For this task, you don't have to write fat parser routines (unless you want it 100% secure or you want a special file syntax) - you can use Bash's source command. The file to be sourced should be formated in key="value" format, otherwise bash will try to interpret commands:
#!/bin/bash echo "Reading config...." >&2 source /etc/cool.cfg echo "Config for the username: $cool_username" >&2 echo "Config for the target host: $cool_host" >&2
So, where do these variables come from? If everything works fine, they are defined in /etc/cool.cfg which is a file that's sourced into the current script or shell. Note that this is not the same as executing this file as a script! The sourced file most likely contains something like:
These are normal statements understood by Bash, nothing special to do. Of course (and that is a big disadvantage under normal circumstances) the sourced file can contain everything that Bash understands, including evil code!
source command also is available under the name
. (dot). The usage of the dot is identical:
#!/bin/bash echo "Reading config...." >&2 . /etc/cool.cfg echo "Config for the username: $cool_username" >&2 echo "Config for the target host: $cool_host" >&2
There's also a way to provide a system-wide config file in /etc and a custom one in ~/ (user's home) to override some system-wide defaults. The user-specific config will only be used when present, in the following example:
#!/bin/bash echo "Reading system-wide config...." >&2 . /etc/cool.cfg if [ -r ~/.coolrc ]; then echo "Reading user config...." >&2 . ~/.coolrc fi
As mentioned earlier, the sourced file can contain everything, it's basically an included Bash script. That raises security issues, like the configuring person is able to "execute" arbitrary code when your script is sourcing its config file.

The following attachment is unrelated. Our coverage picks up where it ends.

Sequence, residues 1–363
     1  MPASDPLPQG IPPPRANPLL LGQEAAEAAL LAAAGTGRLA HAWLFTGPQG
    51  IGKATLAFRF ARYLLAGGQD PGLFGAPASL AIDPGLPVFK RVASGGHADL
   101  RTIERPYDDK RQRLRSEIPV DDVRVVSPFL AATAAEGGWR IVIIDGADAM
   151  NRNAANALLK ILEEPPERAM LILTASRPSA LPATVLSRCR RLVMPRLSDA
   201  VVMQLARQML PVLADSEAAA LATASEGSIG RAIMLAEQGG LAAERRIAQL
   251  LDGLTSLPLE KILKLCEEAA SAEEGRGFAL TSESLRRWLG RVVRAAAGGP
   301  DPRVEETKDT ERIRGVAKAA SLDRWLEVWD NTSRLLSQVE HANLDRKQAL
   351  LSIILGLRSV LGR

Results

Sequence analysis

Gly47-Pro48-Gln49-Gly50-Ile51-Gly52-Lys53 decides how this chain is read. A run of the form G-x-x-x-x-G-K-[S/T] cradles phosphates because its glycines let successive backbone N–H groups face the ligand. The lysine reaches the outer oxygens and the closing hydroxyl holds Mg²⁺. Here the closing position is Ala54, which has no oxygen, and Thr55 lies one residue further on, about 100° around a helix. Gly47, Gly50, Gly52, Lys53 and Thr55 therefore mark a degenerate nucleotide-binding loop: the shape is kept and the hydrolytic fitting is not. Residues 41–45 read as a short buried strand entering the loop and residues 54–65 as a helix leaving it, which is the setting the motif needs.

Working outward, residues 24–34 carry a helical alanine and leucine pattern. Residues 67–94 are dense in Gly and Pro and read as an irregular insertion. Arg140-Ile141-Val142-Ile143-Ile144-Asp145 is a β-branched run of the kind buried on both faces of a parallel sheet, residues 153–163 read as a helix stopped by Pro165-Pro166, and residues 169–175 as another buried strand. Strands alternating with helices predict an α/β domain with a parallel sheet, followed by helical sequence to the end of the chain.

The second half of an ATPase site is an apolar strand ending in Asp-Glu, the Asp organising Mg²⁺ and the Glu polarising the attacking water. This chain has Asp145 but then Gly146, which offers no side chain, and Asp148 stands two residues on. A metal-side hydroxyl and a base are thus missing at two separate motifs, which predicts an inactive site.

You might want to only allow constructs in the form
NAME=VALUE in that file (variable assignment syntax) and maybe comments (though, comments are technically unimportant, of course).
Imagine the following "config file", containing some "evil" code:
# cool config file for my even cooler script (eh?) username=god_only_knows hostname=www.example.com password=secret ; echo rm -rf ~/* parameter=foobar && echo "You've bene pwned!"; # hey look, weird code follows... echo "I am the skull virus..." echo rm -fr ~/* firstname.lastname@example.org
I guess you don't want these
echo-commands (which could be any other commands!) to be executed. One way to be a bit safer is to filter only the constructs you want, write the filtered results to a new file and source the new file. Also, we need to be careful that someome hasn't tacked on something nefarious to the end of one of our name=value parameters, perhaps using ; or && command separators. In these cases, perhaps it is simplest to just ignore the line entirely. Egrep (
grep -E) will help us here, it filters by description of how a line should look:
#!/bin/bash configfile='/etc/cool.cfg' configfile_secured='/tmp/cool.cfg' # check if the file contains something we don't want if egrep -q -v '^#|^[^ ]*=[^;]*' "$configfile"; then echo "Config file is unclean, cleaning it..." >&2 # filter the original to a new file egrep '^#|^[^ ]*=[^;&]*' "$configfile" > "$configfile_secured" configfile="$configfile_secured" fi # now source it, either the original or the filtered variant source "$configfile"To make clear what it does: It checks if the file contains something we don't want, if yes, it filters it and writes the filtered contents to a new file. If done, it changes the name stored in the variable
configfilefrom the original name to the name of the secured file. Then, as usual, it sources the file named by that variable, if it is the original one or the secured one.
This filter only allows
NAME=VALUE and comments in the file, though it doesn't prevent all methods of executing code. I will address that later.